After about a week, I started to feel bad again. That night I noticed a slight rash on my chest but didn’t think much of it. As the night wore on, I felt worse and worse. It felt as if there was a knife in every one of my joints. I had heartburn so intense I thought I was going to breathe fire. It hurt so much I couldn’t stay still and started to walk up and down the stairs just to do something, hoping to tire myself out enough to be able to sleep. At this point my husband took me to the emergency room where I was dosed with three different and increasingly stronger pain killers before I could sit still. My symptoms were determined to be an allergic reaction to either the antibiotic or the prednisone. I stopped both immediately, of course.

That night was over 20 years ago. I eventually recovered from the bronchitis without antibiotics, although it took several months. I missed a lot of work that year. And I kept coughing. I’m coughing still. I’ve pulled muscles in my back and stomach, coughing. I’ve projectile vomited, and hmm…never mind, but, you know, REALLY hard coughing. I’ve tried every kind of over the counter and prescription cough medicine. Most prescription cough medicine contains codeine. Codeine dries out throat tissue and ultimately makes a cough WORSE with long term use. Also it’s addictive. It ain’t heroin but I assure you, withdrawal is very unpleasant.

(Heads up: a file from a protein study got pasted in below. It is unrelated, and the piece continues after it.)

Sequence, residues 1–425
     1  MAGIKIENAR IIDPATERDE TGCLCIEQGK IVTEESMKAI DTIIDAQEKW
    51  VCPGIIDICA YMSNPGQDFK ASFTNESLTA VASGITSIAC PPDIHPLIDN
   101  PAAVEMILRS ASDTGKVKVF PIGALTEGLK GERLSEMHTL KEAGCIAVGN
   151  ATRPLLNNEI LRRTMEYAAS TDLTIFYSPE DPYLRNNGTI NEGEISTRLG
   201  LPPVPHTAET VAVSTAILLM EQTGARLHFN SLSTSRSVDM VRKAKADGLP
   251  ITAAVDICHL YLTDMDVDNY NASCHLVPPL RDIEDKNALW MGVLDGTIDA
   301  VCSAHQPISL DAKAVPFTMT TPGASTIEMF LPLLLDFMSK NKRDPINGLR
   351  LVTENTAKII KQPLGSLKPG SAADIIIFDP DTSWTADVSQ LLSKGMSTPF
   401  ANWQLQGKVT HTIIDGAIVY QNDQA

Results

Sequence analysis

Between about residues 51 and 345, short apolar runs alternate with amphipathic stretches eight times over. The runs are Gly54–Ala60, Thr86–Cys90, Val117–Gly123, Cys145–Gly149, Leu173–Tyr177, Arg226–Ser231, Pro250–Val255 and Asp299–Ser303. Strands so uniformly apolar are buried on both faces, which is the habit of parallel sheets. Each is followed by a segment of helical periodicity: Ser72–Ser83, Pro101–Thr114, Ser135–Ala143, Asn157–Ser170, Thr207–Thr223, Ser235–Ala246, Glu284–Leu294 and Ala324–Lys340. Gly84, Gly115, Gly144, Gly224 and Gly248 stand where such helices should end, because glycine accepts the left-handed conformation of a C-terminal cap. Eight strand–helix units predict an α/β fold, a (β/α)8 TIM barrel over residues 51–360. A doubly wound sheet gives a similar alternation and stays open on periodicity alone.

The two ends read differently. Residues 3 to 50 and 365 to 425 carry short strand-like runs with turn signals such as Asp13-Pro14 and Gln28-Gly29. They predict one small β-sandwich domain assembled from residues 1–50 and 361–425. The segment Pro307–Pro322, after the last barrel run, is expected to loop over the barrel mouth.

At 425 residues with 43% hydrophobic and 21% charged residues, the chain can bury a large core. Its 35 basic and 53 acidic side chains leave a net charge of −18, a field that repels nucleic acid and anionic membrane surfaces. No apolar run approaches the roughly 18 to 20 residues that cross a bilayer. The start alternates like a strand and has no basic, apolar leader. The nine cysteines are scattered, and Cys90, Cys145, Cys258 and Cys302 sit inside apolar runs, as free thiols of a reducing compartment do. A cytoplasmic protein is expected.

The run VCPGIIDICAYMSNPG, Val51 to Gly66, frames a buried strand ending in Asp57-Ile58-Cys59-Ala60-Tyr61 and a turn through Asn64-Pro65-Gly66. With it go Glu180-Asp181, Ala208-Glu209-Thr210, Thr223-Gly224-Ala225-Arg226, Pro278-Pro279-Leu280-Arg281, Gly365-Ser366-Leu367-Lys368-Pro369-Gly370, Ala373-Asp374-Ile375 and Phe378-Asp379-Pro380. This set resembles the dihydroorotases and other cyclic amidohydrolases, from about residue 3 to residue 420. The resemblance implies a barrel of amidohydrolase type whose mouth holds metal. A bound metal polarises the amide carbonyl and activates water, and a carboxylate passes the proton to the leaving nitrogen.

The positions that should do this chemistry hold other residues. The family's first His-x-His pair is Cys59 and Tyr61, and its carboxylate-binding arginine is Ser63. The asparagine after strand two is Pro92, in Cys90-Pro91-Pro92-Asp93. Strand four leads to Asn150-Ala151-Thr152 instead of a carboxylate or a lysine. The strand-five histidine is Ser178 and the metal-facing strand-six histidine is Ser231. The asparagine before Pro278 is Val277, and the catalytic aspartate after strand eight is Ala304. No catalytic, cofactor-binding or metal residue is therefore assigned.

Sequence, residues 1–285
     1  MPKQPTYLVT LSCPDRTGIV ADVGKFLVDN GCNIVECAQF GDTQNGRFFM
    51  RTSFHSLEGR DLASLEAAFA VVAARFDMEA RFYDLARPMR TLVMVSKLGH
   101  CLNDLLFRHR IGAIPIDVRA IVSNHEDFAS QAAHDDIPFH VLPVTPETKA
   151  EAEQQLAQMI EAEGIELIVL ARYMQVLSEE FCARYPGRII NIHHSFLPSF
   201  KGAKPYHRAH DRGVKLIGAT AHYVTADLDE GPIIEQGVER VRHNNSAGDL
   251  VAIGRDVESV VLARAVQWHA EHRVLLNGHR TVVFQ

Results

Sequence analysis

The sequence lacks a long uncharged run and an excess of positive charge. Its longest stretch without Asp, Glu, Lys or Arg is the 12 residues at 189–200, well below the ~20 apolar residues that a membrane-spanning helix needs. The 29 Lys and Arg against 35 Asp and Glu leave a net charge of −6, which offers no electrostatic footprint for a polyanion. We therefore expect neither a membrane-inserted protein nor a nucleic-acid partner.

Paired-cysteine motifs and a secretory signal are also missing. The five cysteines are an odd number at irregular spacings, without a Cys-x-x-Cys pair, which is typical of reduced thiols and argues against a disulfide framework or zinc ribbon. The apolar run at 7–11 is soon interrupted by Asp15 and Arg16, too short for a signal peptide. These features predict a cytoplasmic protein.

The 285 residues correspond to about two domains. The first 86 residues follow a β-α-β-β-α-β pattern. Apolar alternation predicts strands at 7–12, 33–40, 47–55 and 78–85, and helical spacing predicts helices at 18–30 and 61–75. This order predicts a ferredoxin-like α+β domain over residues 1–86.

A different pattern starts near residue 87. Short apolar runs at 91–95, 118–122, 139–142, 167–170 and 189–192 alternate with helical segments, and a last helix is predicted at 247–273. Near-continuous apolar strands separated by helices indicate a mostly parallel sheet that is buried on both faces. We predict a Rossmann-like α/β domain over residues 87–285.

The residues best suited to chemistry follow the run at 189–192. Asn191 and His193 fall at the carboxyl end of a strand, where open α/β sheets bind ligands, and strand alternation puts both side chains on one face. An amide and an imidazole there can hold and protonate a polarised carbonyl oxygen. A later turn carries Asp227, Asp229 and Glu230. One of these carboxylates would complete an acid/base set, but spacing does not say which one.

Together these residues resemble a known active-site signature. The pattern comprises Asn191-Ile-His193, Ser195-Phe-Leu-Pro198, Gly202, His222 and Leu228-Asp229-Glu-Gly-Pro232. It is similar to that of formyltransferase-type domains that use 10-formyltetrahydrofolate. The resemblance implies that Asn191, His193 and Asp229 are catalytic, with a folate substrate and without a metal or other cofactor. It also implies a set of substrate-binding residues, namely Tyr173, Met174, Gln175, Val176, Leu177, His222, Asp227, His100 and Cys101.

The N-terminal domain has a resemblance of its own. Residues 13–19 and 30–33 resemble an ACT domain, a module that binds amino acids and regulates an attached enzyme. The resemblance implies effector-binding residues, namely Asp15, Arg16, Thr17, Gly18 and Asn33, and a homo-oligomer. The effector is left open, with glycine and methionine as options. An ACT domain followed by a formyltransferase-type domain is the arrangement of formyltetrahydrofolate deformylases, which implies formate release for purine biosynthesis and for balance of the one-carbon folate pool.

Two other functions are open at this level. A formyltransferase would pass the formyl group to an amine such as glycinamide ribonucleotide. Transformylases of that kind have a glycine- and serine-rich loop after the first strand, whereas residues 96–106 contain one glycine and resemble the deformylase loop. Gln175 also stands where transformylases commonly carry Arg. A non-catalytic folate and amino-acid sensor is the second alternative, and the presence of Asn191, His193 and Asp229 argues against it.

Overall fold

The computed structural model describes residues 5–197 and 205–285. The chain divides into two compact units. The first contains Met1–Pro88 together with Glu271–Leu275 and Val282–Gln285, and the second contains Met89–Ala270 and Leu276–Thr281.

Over the past 20 years, I’ve tried every avenue of conventional medicine: tests, prescriptions, specialists. And I’ve tired hypnosis, acupuncture, and MANY other alternative treatments. For years now, no one has been able to recommend a treatment I haven’t already tried. Nothing has worked, not even a little.

In the end, the cause of my cough was best described by a gastrointestinologist who was evaluating a swallowing test and an esophageal manometry he had ordered for me. ( Acid reflux is a major cause of chronic cough. I didn’t have it then. I do now.)

“Doctor,” I asked, “why do I cough all the time?”

“You have a hyper-sensitive gag reflex,” he replied.

“But Doctor, WHY do I have a hyper-sensitive gag reflex?”

“Because,” he said, “you cough all the time.”

“So what do I DO about my hyper-sensitive gag reflex?”

“Stop coughing.”

So that is the story of my cough. Why do I tell you this long-winded story about something that is completely unrelated to problems in the world?. My cough, when all is said and done, is chronic and annoying, but not serious. But it’s COMPLICATED. Lots of situations contributed. I’ve left out many details from the narrative about my allergies. I am also what my husband calls a “twitch.” I have tics. The cough is one of them. But that’s not all it is. It is physical and psychological both. Treatment involves many different elements—which I’m still exploring.

It's Complicated!

If my stupid cough is so complicated and unsolvable, what about the real problems of the world, the really complex issues? Poverty, violence, government corruption, out of control viruses? The list goes on and on. The solutions, if there are any, are complex, long term, frustrating. Never simple.

This content is accurate and true to the best of the author’s knowledge and does not substitute for diagnosis, prognosis, treatment, prescription, and/or dietary advice from a licensed health professional. Drugs, supplements, and natural remedies may have dangerous side effects. If pregnant or nursing, consult with a qualified provider on an individual basis. Seek immediate help if you are experiencing a medical emergency.

© 2020 Lee A Barton